Summertime on the Kootenai calls for a fast-action 5-weight to beat the wind.
photo by Tim Linehan
If you only want to bring one rod on your upcoming trip to the Rocky Mountains the first thing to consider is what time of year you’ll be traveling.
During the early season in the Rockies, water conditions and weather can vary greatly from day to day, so versatility is most important when you’re considering rod weight. For this reason alone, a relatively stiff 6-weight is your best bet and will cover all bases and handle most techniques from deep-water nymphing with weight and indicators to streamers or early season dry-fly fishing. And it’s not. . .
Welcome to another edition of the OrvisNews.com Friday Film Festival, in which we scour the Internets for the best fly-fishing footage available. This week is a bonanza of high-definition goodness, which means you should watch everything at full-screen, in full resolution, with the sound cranked. Co-workers be damned! There’s a little bit o’ steel, a tad of golden dorado, a smidgen of salmon, and even a bit of BWO. Enjoy!
Adam and John caught this 27″ brown trout on a hoppper in August
I spoke with Rebecca Shirley of Eagle Nest Lodge (2007 Orvis-Endorsed Fly Fishing Lodge of the Year) yesterday to see what was happening out there for them on the Bighorn River. Apparently, there is quite a bit of good fishing on the horizon. As Shirley put it…
The author fishes below a huge ice dam on Vermont’s Otter Creek.
photo by Drew Price
I haven’t caught a fish since early December, and my nerves are starting to show it. This winter in Vermont has been long, cold, and snow-filled—not the best weather for winter fishing. I have been working a lot, tying a lot of flies, and dreaming of tossing those flies at willing fish. I want…no…need to fish. Every time I have had a free day to head out with a couple of buddies, . . .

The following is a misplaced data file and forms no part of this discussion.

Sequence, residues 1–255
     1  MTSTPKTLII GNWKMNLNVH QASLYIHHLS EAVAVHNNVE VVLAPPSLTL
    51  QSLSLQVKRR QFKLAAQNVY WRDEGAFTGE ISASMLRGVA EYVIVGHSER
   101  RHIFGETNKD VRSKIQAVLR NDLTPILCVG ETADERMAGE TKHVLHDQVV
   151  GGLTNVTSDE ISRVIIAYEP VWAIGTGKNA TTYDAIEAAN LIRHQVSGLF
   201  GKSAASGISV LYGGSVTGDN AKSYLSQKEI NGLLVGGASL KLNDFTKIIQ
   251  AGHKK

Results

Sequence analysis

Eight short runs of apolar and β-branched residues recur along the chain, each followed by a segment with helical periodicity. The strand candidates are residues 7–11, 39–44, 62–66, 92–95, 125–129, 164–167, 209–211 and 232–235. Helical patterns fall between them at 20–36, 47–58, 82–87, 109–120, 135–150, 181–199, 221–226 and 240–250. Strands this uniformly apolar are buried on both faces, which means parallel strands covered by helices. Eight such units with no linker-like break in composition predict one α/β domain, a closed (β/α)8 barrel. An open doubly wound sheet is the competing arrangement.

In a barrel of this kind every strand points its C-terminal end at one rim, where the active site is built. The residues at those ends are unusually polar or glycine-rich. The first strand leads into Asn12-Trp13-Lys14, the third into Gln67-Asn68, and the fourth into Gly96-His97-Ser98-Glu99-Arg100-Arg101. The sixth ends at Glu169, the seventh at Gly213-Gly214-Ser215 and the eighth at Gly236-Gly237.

It’s now February. According to my calendar, next month will be March, which means that despite the snow and cold temperatures currently slamming most northern states, early-season fly fishing is right around the corner.
Early spring is a time when a lot of Montana guides hit the water hard. Our schedules are pretty wide open, and we’ve been cooped up all winter, so we are more than ready to get after it. So are the fish. Especially the BIG fish. For the most part, they’ve been relatively dormant since the fall, making them hungry and willing to be aggressive. This combination can produce some. . .
Dana Walker shows off a chunky brown from the Little Red River in Arkansas. photo by Toby Swank
I just wrapped up a whirlwind tour of the Little Red River in northern Arkansas. November and December is typically the time of year when the brown trout move into the shallow shoals to spawn. We planned this trip so that we could both sight fish and streamer fish to some trophy-classfish. Well, as with just about every fishing trip, Mother Nature and the Army Corps of Engineers. . .